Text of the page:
Do you use Facebook or Twitter? Even if you don’t tweet or update your status from the office, some employers are legally allowed to fire you for what you post — anywhere.
The good news: Lawmakers are setting boundaries when it comes to how far employers can pry into their workers’ social (media) lives.
The bad news: We still have a long way to go in the privacy wars — and there are plenty of minefields you can fall into if you’re not careful with your online presence.
As TLNT.com reports, Rhode Island recently passed laws prohibiting employers from asking employees for certain personal social media information. This includes disclosing passwords, changing their privacy settings and divulging content they’ve shared. The laws also prevent employers from taking action against employees who refuse to do these things.
This may seem like common sense legislation to you — what employees do under the privacy of their own social media settings should be none of employers’ business, right? As long as your Facebook feed is set to “friends only” and your bosses don’t know your Twitter handle, you should be covered… right?
Maybe, but Rhode Island is only the fifth state to enact such laws. Other states have proposals in the works, but they’re still under review. Which means if you work in the other 45 states, your personal online conduct may fall into a gray area that could be cause for your dismissal (or cause an employer not to hire you to begin with).
Even the states that do have legislation governing how much employers can snoop make certain exceptions “that allow employers to protect their legitimate business interests.” What exactly does this mean? That’s up for debate — and broad interpretation:
Almost all states’ social media password laws allow the employer access to an employee’s social media account as part of an investigation. There are few, if any, limits on what the investigation is about…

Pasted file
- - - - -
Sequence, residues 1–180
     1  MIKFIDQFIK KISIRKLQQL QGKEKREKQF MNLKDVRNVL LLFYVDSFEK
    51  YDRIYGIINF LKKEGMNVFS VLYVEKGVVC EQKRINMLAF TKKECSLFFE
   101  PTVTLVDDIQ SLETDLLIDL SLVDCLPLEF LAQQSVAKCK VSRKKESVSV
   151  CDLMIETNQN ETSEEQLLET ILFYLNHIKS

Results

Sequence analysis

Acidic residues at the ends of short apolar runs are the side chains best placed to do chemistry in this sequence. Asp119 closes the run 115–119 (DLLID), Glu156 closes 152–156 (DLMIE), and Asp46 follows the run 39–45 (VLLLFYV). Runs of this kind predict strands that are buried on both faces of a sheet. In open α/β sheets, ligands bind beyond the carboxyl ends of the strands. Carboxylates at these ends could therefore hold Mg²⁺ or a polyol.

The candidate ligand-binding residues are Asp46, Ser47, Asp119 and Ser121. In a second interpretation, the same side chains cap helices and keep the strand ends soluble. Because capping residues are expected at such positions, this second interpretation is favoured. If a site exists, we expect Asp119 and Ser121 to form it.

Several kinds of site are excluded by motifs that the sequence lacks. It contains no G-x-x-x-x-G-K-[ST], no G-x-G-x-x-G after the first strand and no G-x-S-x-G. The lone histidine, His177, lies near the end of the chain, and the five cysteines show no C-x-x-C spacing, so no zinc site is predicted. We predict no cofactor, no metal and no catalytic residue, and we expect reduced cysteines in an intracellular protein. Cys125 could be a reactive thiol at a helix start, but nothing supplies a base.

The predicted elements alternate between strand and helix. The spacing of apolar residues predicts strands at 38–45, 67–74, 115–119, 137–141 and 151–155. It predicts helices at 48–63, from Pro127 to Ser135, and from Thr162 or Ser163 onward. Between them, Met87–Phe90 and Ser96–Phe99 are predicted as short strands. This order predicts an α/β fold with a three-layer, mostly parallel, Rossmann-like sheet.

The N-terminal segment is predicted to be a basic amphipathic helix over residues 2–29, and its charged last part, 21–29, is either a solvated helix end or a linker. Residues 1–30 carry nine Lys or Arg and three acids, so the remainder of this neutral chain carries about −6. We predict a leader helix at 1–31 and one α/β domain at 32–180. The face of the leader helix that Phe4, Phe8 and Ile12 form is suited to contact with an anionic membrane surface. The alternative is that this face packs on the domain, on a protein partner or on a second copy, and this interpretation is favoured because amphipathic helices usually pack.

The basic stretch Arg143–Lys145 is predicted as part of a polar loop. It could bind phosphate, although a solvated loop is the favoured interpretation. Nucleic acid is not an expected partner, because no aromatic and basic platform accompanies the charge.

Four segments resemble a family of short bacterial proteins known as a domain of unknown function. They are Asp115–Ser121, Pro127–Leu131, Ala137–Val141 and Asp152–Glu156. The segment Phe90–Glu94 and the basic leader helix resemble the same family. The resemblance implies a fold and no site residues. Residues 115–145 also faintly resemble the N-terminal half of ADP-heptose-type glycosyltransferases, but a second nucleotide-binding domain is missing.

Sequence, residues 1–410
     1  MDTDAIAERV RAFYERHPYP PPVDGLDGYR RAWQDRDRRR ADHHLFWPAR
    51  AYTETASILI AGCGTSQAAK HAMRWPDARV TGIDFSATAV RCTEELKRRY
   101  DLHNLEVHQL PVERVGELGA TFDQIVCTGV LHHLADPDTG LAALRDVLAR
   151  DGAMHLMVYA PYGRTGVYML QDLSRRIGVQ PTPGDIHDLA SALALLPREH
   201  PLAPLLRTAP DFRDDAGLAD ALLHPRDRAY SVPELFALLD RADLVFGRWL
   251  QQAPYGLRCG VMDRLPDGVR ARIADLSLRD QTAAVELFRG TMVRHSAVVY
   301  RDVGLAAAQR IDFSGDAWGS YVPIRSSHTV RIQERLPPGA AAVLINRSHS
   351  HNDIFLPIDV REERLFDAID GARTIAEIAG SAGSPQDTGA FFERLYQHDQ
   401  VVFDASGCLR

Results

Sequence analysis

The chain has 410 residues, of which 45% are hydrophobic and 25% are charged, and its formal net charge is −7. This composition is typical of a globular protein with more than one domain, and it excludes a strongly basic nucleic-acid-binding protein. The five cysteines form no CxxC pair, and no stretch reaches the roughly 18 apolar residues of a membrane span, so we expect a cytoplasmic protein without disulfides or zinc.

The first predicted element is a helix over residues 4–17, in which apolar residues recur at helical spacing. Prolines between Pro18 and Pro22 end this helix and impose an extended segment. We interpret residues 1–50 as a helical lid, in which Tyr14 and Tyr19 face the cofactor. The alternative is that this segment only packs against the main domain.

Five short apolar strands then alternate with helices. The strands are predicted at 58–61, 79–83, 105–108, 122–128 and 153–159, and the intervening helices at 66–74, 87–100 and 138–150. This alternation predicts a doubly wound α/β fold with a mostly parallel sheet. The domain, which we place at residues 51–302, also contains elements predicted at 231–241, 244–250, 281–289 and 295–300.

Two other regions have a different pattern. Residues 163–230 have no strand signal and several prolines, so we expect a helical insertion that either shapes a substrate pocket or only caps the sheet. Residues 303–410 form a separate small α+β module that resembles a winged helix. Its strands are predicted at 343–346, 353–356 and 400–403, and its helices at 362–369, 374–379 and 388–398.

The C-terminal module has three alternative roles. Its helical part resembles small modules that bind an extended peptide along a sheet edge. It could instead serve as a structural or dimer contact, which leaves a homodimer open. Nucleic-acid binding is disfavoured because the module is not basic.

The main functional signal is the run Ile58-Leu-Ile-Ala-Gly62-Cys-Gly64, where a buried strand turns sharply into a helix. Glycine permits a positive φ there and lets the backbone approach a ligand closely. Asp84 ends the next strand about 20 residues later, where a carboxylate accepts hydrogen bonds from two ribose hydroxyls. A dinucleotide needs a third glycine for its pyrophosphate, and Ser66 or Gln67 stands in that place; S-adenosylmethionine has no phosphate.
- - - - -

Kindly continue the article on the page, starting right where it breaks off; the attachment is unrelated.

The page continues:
…Note the information does not actually have to be related to the investigation; the employer just has to “reasonably believe” it is. Courts would apply an objective “reasonable employer” standard, as opposed to a manager who just wants to stalk people. But as a practical matter, courts usually give employers wide discretion to investigate employee misconduct, and to define what constitutes misconduct.
– HR Examiner, How Employers Can Still See Employee Social Media Accounts
As Aliah Wright, author of A Necessary Evil: Managing Employee Activity on Facebook, Twitter, LinkedIn…and the Hundreds of Other Social Media Sites told American Express Open Forum, “employees can be held responsible for the things they publish online — even if they are at home on their own time and they think only their closest friends will see what they’ve published.”
So, in a world where the line between personal and professional identity online is already blurry, what can you do to protect yourself (and your career) from potential fallout?
Know your rights
If an employer (or potential employer) is asking you for personal online information you don’t feel comfortable providing, it’s within your rights to check your state laws. Some states prohibit employers for asking for especially sensitive information like your passwords or specific content, while others take a broader approach and also prohibit requests for your social media usernames
For information on your rights, check out this guide to current legislation by state to see which bills have been passed and which are under consideration.
Know your company’s policy
Some companies have specific social media policies that outline what’s considered appropriate and inappropriate social media behavior. Read up on what your company expects; if they see you as a brand ambassador even when you’re using a personal handle, you’ll need to take that into account.
In addition, if your company has a policy against using social media (or the Internet in general) for personal reasons during working hours, anything you do or say on company time and on company equipment may be liable to a search, so your best bet is playing it safe and holding off on the status updates until you get home.
Be smart about it
Avoid disparaging remarks about your company, boss or colleagues on social media. Double-check your privacy settings. Stop and think before you post that potentially compromising party pic.
Regardless of whether your employer can see what you’re doing online, everyone else can, and you owe it to yourself to present a personal brand that’s got it together.
Kelly Gurnett runs the blog Cordelia Calls It Quits and is the Editor-in-Chief of All Things Career. Follow her on Twitter @CordeliaCallsIt.